Browsing: Investing

Q. I am a federal employee and have been eligible to retire for a while, but I wasn’t ready until now. Within nine months I will have retired. I am one that converted way back when from CSRS to FERS. I am 67 and a half years old (already drawing my SSA, which I started at 65 when I reached 100 percent) and will be 68 and a half years old when I retire. Within 2 years after retiring, I will be required to start taking my minimum withdrawals. Several things: I am concerned with the recent money market fluctuations and…

Q. I am under FERS and 43 years old. I have been working for the government for the last six years at the GS-13 level and plan to retire after age 71 after 34 years of service. I currently contribute the maximum to traditional TSP and have $370,000 in TSP (about 90 percent invested in C, S and I funds, and 10 percent invested in F and G funds). Even if I switch to a Roth TSP, I can still contribute the maximum allowed each year including the maximum catch-up contributions allowed. Under these circumstances, wouldn’t it be beneficial to switch to Roth TSP? I…

Q. I’m a federal employee within about 5 years of retirement and am wondering about whether to revise the distribution of funds in the L 2020 fund in which I’m now invested ($127,000 balance). I was just told the rate of return in the G fund (to which the L 2020 fund currently allocates 44 percent) is quite poor and that I should consider reallocating funds out of the G fund — perhaps concentrating on the C, S and I funds. However, I’m aware of the need to invest conservatively with this short time horizon. Under these circumstances, would you advise…

Q. I am 61 years old and single. I have about $146,000 in TSP and $183,000 in another retirement account, which is managed by my financial planner. I plan to work another 5-6 years. Would a Roth IRA be something I should consider? Or would it be wiser to just continue on in the regular tax-deferred TSP? I am still paying my mortgage but will have the rest of my debt paid off by the end of the year. A. Of course you should consider it — and all other reasonable options available to you, but that doesn’t mean you should…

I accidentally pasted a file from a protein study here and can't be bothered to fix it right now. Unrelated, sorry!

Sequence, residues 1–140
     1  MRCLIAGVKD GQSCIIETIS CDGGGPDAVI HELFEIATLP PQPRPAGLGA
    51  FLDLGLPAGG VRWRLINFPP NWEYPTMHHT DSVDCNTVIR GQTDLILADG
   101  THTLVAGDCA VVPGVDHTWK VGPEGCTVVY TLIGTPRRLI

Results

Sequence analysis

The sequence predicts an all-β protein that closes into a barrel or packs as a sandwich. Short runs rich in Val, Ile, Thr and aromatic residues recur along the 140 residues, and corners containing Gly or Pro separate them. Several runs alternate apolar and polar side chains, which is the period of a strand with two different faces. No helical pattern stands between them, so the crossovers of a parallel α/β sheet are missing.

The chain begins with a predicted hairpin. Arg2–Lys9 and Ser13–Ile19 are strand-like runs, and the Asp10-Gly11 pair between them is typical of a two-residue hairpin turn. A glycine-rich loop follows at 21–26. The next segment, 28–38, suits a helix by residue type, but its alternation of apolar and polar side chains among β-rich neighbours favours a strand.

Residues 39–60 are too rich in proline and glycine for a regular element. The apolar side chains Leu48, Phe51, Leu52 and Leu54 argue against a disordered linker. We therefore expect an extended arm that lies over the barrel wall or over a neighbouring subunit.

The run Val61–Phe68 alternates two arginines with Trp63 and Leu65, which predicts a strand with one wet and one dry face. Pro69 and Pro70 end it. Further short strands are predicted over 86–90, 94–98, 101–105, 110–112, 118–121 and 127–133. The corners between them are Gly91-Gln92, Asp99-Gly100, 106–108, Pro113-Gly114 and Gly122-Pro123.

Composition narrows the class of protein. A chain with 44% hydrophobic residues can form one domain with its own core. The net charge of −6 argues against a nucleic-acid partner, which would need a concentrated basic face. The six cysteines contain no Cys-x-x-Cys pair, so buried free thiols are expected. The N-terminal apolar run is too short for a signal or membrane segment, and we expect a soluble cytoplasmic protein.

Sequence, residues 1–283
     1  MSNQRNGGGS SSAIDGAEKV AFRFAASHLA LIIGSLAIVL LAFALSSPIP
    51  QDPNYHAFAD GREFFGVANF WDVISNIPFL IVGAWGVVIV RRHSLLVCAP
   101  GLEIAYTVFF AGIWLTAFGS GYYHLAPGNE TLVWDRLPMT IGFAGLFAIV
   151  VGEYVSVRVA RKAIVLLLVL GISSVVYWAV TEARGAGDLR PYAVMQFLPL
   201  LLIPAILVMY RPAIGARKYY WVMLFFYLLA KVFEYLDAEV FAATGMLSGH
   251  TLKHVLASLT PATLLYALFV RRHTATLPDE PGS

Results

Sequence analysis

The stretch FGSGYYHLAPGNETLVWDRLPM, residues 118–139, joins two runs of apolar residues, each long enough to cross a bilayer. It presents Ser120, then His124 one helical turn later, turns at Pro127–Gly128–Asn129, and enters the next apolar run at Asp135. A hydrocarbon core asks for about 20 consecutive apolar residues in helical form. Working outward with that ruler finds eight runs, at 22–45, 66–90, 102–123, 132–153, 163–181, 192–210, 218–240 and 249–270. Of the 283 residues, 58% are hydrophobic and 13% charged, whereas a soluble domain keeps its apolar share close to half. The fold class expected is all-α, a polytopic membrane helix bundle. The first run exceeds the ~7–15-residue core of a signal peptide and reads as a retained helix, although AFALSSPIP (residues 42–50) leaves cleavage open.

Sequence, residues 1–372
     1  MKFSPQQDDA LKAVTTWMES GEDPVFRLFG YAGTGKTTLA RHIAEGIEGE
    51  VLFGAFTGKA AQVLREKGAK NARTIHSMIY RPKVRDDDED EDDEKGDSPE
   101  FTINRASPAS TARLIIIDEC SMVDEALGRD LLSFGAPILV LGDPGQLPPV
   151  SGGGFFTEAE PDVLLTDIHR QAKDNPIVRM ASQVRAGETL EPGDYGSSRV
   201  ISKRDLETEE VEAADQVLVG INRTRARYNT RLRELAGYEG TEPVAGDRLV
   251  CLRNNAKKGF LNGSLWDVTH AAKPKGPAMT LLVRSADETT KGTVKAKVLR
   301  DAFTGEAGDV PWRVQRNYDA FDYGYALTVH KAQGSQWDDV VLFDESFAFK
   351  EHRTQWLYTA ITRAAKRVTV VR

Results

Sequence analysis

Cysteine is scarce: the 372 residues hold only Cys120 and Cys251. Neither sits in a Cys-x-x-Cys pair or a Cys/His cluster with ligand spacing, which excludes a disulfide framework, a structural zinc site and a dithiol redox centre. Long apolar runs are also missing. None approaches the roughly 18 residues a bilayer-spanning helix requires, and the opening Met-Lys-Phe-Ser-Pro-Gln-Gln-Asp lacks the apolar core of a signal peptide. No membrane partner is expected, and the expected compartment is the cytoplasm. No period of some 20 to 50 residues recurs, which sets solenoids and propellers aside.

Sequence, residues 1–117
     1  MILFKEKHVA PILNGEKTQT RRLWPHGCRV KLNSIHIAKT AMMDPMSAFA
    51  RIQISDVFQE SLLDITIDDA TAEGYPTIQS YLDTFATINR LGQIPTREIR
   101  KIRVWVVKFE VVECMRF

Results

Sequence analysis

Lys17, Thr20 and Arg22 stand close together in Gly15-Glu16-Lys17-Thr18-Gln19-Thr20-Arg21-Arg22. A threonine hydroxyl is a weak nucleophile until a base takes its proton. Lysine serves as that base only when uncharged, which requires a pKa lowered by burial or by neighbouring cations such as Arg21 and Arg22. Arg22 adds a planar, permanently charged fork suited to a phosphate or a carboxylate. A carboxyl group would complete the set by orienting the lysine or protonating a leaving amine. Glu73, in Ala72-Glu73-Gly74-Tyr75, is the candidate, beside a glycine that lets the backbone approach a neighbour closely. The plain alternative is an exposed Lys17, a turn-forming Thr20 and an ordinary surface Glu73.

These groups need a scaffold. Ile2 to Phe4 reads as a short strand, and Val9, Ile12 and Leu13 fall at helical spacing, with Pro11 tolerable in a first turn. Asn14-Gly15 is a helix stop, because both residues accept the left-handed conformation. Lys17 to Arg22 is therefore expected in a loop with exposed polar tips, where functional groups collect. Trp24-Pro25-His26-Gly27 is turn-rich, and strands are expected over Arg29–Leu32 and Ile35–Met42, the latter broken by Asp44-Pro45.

Q. I’m planning to retire as a federal law enforcement officer in March 2016 at age 50. I currently have all of my TSP invested in the L2020 fund. Others at Federal Times have recommended using the Lifecycle Fund that matches your life expectancy versus your target retirement year. I will be taking 72t life expectancy payments from my TSP beginning at age 50. Should I consider moving my TSP into the L2030 or L2040 funds? Is this more likely to make my TSP balance last longer into retirement?

Q. I plan to retire on Aug. 31 under FERS. Will I get a 5 percent matching contribution if I make 5 percent of my last paycheck (payable on Sept. 11) to TSP? Can I contribute 5 percent of my lump-sum pay from the unused annual leave? If so, will I get a 5 percent matching contribution?

Asset allocation is a term that should be familiar to anyone with a Thrift Savings Plan account. It’s everywhere in the investing world, but I have found that few investors understand what it is and what it is supposed to do. This is a serious problem since asset allocation is the main driver of investment performance. Study after study has shown that asset allocation overwhelms things like market timing and security selection in its impact on investment results. The TSP recognizes this and makes allocating your investment assets about as easy as it could be. Before you can use asset…

Q. I am a law enforcement officer planning to retire next year at age 50. I have a pretty good sum in my TSP and would like to take life expectancy (72t) payments. Two financial advisors have told me I shouldn’t need this money (after reviewing my expected income and expenses) and advised against taking the distributions. What is the downside of sticking with life expectancy payments for 10 years if I am invested correctly? It seems to me, assuming a greater than 5% return over this period, I should never touch the principal. Currently my TSP is fully invested…

Investing for retirement income is very different from investing purely for growth. As you approach retirement, there is rarely any good measure of the quality of the investment decisions that got you where you are today. You probably have no way of knowing what the mistakes you made yesterday have cost you today. Investing for retirement income is much more an exercise in avoiding mistakes, than an exercise in maximizing the potential for gains. Avoid the following common mistakes and you’ll be well on your way to maximizing the standard of living you’ll enjoy throughout your retirement. This list of…

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